Sociedad hibrida, lideres y consenso politico en Jose Maria Arguedas

Date of Award




Degree Name

Doctor of Philosophy (Ph.D.)

First Committee Member

Viviana Diaz-Balsera - Committee Chair


This research discovers a theory about the formation of the informal culture, a marginal and illegal culture, in Argueda's literary texts: "Aqua," Todas las sangres, and El zorro de arriba y el zorro de abajo. This theory shows that "Agua" represents the paradox of gamonalismo. On one hand, this power searches for a status quo. On the other hand, it produces a hybrid society, which is characterized by an arbitrary use of power, a lack of trust, an emergence of different subcultures, an extreme poverty, a grotesque, and a multiplicity of psychological, cultural, and political identities. The hybrid society is the structure for the informal culture, represented by the house of the indians, utilitarianism, lack of trust towards the official political discourse, small scale culture, collective work, and grotesque. This hybrid society and the elements of the informal culture are expressed in Willka, one of the main characters in Todas las sangres. In his discourse, we can see the utilitarianism, the lack of trust towards the formal politics, the small scale culture, and the collective work. Moreover, the informal culture also appears in the grotesque of Braulio, Cisneros, and "la jorobada." Finally, this hybrid society and the elements of the informal culture are expressed at large in Arguedas' last novel El zorro de arriba y el zorro de abajo. In this society, migrants take the streets of the city, in this case Chimbote, guided by their own needs. All this informal culture that was born in "Agua" is dramatically expressed in Moncada, Bazalar and Ramirez. Moncada represents the end of the grand narratives and the end of the Peruvian official history. Bazalar and Ramirez, as popular leaders, gather in a clearer way the logic of the informal culture. In their discourse, we see the utilitarianism, the culture of the small scale, and the collective work. For the popular leaders, the idea of nation, of state, and country are meaningless. Their discourse is focused on the small neighborhood, detached from the historical perspective. The grotesque is represented in the language and the images of Chaucato, Rincon, the prostitutes, and the people.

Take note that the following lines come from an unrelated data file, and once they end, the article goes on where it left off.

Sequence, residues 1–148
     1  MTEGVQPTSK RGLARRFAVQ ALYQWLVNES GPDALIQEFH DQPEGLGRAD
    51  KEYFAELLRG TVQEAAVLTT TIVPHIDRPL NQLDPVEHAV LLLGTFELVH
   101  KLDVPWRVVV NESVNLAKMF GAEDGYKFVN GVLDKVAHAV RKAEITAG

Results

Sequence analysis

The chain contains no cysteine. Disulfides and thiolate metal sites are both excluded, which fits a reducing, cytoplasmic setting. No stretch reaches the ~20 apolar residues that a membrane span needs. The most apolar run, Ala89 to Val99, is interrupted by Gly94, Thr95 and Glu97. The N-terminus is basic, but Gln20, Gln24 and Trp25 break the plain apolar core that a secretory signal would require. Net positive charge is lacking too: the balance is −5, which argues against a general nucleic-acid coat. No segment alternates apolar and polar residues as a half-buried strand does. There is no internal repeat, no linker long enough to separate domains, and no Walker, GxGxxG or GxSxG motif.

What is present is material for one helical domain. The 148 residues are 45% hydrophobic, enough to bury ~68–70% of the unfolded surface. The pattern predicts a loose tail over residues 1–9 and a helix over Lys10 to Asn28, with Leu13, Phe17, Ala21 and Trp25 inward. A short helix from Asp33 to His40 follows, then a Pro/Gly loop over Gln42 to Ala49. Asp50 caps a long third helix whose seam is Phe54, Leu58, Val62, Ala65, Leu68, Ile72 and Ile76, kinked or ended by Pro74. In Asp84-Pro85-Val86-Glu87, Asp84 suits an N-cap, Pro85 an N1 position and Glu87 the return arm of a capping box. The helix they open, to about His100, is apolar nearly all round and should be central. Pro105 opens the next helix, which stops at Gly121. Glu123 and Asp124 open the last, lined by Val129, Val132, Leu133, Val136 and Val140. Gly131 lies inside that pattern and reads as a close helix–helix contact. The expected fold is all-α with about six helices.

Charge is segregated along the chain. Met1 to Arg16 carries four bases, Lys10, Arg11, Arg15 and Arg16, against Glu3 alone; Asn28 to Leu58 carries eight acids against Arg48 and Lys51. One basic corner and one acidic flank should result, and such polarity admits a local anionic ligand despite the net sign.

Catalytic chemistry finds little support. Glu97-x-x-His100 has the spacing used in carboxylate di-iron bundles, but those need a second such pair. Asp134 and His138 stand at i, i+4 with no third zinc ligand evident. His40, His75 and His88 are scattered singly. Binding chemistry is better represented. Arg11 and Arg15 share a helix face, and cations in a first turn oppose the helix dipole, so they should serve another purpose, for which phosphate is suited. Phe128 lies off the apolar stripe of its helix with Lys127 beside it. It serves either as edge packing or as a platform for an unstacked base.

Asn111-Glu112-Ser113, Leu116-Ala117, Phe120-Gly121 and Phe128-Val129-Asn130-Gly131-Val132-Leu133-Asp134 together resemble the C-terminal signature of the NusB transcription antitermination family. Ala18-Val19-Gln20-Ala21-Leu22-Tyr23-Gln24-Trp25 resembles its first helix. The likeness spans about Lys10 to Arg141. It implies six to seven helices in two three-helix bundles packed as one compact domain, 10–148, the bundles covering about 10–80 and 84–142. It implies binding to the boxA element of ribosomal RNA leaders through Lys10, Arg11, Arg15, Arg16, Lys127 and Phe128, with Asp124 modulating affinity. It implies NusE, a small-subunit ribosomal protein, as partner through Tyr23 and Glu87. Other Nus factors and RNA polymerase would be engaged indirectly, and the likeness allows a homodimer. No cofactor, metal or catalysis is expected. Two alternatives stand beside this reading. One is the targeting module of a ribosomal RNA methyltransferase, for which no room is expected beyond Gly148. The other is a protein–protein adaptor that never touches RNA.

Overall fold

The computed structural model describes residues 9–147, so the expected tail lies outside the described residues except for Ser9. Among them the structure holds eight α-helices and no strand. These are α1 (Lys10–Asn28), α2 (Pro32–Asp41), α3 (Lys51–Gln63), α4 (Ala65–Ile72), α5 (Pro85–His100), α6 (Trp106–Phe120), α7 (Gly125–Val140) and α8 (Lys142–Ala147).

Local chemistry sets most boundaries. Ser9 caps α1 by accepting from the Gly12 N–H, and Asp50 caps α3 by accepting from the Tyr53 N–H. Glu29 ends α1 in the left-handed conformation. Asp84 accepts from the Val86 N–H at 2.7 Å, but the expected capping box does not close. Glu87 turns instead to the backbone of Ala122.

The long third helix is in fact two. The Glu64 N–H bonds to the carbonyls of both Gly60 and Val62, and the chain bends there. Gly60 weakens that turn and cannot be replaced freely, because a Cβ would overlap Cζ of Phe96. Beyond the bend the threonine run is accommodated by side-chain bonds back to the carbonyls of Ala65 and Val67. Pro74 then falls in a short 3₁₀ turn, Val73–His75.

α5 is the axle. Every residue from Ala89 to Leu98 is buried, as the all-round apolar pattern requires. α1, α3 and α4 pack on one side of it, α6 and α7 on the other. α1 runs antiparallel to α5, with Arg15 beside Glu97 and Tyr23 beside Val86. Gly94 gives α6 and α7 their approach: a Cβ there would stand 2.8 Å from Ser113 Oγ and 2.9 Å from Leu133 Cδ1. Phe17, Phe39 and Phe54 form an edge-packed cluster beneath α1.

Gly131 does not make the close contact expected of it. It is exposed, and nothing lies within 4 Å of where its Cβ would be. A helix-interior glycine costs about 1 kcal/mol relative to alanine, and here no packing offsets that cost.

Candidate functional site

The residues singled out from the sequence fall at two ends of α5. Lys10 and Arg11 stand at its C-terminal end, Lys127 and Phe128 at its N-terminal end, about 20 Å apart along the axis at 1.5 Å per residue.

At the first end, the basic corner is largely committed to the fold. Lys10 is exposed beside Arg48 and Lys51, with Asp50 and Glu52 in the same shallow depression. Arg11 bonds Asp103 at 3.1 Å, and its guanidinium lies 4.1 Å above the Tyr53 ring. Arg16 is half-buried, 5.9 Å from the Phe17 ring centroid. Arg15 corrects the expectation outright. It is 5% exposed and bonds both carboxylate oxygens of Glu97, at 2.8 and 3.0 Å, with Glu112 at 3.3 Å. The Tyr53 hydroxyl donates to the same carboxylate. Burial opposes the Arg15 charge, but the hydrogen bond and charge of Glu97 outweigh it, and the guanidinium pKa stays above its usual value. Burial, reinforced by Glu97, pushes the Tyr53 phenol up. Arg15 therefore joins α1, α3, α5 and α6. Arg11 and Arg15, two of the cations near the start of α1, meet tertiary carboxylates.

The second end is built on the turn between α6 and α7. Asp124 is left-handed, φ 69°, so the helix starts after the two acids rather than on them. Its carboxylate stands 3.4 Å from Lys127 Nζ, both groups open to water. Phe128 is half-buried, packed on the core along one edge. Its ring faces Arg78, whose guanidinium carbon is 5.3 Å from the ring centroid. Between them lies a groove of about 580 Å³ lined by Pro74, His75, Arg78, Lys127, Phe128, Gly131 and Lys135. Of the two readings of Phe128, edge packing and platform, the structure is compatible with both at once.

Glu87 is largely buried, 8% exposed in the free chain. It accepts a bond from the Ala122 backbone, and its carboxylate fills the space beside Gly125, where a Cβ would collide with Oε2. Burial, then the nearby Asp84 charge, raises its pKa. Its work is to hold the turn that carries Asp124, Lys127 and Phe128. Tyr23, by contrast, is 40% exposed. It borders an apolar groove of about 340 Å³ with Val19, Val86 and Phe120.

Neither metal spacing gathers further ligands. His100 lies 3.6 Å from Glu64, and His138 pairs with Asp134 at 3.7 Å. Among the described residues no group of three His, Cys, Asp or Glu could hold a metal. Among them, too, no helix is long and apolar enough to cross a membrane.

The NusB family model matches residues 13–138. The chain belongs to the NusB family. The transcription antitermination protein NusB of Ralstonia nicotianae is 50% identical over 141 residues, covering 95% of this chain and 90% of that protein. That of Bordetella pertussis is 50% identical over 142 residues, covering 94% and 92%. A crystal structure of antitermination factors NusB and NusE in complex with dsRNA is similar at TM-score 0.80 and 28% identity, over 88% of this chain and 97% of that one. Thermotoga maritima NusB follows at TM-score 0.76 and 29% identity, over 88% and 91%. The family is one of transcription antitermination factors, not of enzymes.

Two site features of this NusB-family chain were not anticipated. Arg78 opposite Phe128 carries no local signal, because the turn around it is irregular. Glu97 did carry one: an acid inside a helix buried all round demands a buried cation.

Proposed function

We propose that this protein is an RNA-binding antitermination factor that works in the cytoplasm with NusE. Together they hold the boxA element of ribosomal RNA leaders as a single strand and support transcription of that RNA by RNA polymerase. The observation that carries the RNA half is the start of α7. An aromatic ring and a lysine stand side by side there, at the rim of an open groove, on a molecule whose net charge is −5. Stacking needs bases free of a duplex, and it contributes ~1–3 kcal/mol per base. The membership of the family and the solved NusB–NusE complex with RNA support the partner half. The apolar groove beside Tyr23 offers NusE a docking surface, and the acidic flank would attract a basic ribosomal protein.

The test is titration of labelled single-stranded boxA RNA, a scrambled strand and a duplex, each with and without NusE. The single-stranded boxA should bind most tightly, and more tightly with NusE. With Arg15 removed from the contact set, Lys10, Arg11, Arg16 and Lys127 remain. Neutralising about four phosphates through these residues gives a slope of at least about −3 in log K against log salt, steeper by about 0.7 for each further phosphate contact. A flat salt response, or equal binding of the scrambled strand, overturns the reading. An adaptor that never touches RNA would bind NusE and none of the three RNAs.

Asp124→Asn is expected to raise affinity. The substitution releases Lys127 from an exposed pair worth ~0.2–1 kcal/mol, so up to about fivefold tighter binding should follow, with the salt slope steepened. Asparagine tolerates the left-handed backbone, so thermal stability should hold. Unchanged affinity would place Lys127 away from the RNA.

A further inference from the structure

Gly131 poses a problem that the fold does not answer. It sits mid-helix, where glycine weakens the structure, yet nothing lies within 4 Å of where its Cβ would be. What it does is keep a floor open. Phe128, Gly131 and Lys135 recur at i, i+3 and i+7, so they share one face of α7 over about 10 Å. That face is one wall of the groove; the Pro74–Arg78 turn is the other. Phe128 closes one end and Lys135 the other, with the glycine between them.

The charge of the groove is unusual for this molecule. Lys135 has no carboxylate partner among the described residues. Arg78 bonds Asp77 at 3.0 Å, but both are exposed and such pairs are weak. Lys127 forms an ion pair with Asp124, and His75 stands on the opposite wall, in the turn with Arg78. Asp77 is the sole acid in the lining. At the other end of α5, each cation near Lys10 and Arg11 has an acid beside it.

Literature, Latin American; Anthropology, Cultural; History, Latin American

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